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Self Reponse to Prayer Before Birth Louis Macneice

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Self Reponse to Prayer Before Birth Louis Macneice

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  • Feb. 12, 2005
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A good poem does not need superb text; it needs superb use of poetic techniques and a good structure. 'Prayer before birth' is a fine example of a good poem; however, the text is superb too.

My self response for this poem was first negative but afterwards I agreed with some points. However, I felt angry when the author expects water to support him and trees to talk to him, but afterwards going in the depths of this stanza it seemed real. Everybody in the world wants things or people to support them or to talk to them. Everyone fears something in their life, and for the author, they were bats, stoats and ghouls.

'Prayer before birth' is not only the title but a summarizing phrase for the poem. Just having a glimpse of the title we know that what the poem is about. This poems theme is to tell the reader how terrible the world is and he is the witness. The author wants to convince the reader that when an innocent baby is born into this miserable world. He thinks that the baby does not deserve to be in this kind of a world. And, the author transforms himself to a baby and desires to die rather than getting born to such a world. The tone describes this misery in detail. The tone is surely tells us that he is in pain, in frustration, in misery. The tone is furthered described by imagery as he says 'Black racks rack me' and '...make me a stone', these all are tactile imagery. The author can feel the pain of torture.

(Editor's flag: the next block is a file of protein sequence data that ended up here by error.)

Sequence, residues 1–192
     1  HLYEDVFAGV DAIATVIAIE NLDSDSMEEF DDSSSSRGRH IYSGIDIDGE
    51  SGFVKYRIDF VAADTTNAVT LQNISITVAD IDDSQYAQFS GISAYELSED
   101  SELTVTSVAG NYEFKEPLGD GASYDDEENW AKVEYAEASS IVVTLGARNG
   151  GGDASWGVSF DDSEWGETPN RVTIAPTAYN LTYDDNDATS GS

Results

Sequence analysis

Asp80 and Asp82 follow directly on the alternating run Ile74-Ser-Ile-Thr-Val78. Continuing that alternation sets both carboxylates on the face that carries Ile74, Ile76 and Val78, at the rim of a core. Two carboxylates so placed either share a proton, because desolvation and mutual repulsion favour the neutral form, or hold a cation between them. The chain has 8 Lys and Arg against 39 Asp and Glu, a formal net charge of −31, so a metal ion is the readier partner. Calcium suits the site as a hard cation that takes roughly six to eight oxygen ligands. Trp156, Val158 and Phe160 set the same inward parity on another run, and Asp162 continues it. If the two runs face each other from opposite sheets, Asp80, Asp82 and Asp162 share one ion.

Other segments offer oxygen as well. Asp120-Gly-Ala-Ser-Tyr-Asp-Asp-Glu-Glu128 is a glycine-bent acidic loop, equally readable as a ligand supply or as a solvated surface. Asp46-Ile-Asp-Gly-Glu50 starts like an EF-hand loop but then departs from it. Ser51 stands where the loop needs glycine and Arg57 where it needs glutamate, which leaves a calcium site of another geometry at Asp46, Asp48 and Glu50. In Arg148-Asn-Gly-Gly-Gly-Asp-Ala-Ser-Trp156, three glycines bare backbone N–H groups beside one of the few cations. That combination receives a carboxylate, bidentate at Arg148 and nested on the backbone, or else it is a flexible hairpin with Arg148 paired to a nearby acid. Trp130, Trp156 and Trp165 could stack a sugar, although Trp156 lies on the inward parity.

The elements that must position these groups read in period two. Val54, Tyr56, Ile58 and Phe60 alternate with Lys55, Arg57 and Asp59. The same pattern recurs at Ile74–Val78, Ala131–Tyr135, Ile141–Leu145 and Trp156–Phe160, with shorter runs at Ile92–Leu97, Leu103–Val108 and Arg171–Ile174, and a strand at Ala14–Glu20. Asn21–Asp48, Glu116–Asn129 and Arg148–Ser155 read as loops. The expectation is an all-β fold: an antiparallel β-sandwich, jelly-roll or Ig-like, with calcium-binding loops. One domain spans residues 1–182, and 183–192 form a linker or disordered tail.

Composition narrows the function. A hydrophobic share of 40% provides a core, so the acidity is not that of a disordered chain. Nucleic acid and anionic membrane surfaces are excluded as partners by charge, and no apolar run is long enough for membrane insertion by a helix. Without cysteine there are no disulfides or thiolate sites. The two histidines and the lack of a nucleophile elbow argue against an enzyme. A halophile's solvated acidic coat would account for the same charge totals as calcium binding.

The author uses poetic techniques in his poem such as figurative language and symbolism and personification and emotive words and repetition. Words such as bloodsucking bat, the rat and the stoat are figurative words. The author does not really mean to face these creatures in reality but he doesn't want people or thing sucking his possession, wealth, pride and things like that. All these creatures also symbolize thieves, burglars, and other objects and people which can trouble or interrupt in a person's life. The author also does not expect trees...